Experience with ruxolitinib in the treatment of polycythaemia vera.
Polycythaemia vera (PV) is a myeloproliferative neoplasm classically characterized by an erythrocytosis and is associated with a high risk of thromboembolic events, constitutional symptoms burden and risk of transformation to myelofibrosis and acute myeloid leukaemia. Therapy is directed at the haematocrit (HCT) to reduce the risk of thrombotic events and usually comprises low-dose aspirin and phlebotomy to maintain HCT at >45%. Frequently in addition, cytoreductive therapy is indicated in high-risk patients for normalizing haematological parameters to mitigate the occurrence of thromboembolic events. q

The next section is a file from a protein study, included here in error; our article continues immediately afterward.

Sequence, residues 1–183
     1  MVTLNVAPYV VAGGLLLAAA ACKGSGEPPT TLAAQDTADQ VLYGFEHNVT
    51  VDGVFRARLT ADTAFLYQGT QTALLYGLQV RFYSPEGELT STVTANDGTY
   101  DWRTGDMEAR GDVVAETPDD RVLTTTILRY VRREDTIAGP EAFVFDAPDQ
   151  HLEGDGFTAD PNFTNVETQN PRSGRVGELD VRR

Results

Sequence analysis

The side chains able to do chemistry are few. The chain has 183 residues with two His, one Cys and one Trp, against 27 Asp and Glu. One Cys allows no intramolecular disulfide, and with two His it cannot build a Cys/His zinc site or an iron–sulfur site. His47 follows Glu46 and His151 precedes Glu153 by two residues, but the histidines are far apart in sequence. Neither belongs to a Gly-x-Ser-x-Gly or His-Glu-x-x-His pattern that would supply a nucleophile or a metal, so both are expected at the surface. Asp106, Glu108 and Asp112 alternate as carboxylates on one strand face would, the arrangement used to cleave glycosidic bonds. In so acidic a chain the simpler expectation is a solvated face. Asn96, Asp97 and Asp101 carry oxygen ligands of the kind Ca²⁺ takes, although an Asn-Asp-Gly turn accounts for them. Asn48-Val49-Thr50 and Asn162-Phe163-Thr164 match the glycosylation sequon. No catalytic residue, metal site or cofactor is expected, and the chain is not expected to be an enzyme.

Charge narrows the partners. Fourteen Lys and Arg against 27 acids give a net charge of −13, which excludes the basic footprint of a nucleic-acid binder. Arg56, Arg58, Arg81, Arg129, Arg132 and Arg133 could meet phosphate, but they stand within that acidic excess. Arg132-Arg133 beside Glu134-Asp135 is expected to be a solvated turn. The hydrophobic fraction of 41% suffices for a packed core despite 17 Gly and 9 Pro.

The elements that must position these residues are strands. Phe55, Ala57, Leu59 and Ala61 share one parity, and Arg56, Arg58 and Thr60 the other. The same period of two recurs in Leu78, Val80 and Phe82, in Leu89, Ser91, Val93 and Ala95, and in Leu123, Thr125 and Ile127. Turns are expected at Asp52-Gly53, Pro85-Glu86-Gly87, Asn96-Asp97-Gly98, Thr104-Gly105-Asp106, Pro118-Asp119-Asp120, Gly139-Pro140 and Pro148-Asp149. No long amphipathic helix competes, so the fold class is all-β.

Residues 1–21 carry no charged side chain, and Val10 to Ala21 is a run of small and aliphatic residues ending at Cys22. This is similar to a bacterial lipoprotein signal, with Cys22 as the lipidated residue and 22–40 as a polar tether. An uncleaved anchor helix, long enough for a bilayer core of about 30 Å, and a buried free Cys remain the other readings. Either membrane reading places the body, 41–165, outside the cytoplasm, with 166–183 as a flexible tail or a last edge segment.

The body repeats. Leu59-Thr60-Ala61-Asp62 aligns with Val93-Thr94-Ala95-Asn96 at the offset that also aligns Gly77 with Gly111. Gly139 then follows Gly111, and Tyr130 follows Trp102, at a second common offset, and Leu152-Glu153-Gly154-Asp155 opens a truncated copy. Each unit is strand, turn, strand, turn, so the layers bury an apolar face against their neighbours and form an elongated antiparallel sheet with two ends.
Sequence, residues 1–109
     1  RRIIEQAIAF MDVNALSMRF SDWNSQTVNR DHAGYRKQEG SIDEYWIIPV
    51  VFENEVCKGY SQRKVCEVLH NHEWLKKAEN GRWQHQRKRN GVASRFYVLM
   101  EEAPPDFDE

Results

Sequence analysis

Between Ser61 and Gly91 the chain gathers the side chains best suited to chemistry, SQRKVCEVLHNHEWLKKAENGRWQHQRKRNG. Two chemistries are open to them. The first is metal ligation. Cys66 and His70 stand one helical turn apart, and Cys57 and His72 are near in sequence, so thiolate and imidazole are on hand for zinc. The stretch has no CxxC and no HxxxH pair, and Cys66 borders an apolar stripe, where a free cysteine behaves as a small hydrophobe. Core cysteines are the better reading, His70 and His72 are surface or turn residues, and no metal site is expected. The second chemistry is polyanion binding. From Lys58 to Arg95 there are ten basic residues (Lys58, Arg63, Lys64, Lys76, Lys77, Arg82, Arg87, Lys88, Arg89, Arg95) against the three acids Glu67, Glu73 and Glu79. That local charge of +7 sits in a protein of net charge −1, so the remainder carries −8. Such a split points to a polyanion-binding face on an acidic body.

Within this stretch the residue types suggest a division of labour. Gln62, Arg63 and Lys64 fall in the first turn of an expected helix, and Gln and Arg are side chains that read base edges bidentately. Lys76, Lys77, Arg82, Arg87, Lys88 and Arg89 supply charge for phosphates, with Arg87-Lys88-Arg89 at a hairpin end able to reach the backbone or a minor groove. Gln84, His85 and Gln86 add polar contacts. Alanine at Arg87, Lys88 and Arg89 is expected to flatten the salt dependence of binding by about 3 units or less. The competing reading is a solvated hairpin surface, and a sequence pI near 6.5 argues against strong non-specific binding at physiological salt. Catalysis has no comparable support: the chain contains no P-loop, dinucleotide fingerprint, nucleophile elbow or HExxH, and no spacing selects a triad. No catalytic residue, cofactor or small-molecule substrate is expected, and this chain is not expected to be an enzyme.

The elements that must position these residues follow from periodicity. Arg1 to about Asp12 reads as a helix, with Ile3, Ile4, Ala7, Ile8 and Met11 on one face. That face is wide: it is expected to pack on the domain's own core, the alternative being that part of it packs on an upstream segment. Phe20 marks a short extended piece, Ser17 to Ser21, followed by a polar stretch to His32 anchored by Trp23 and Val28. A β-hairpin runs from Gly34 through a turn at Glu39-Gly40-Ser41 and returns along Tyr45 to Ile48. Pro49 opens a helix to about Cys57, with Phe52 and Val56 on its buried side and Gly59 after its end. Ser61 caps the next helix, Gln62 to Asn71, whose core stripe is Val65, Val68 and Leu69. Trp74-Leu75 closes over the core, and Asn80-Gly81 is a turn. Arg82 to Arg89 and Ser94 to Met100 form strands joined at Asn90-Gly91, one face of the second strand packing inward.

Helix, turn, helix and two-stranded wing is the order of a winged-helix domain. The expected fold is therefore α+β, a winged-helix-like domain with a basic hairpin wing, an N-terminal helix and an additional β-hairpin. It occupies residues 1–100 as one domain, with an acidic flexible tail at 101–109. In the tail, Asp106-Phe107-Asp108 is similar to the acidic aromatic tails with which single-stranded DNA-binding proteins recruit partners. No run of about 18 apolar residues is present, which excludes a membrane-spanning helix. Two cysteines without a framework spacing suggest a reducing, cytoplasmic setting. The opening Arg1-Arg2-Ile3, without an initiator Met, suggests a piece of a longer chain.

Unfortunately, there is no clear evidence that current therapies reduce the risk of transformation to myelofibrosis and for some a risk of a therapy related complication is unknown for example leukaemia due to hydroxycarbamide (HC). First-line therapy for treating PV remains HC or interferon, the latter most often in younger patients, especially those of childbearing age. However, therapy related intolerance or resistance is a common feature and results in limited treatment options for such patients. The discovery of the JAK2 V617F mutation and consequently targeted therapy with Janus kinase inhibitors, in particular ruxolitinib, has extended the spectrum of agents that can be used as second or third line in PV. The findings of the phase II trial RESPONSE and the preliminary data from RESPONSE 2 trial have identified a role for ruxolitinib in PV patients who are resistant or intolerant to HC. In this article, using clinical cases we demonstrate our experience with ruxolitinib highlighting the clinical benefits and limitations we encountered in clinical practice.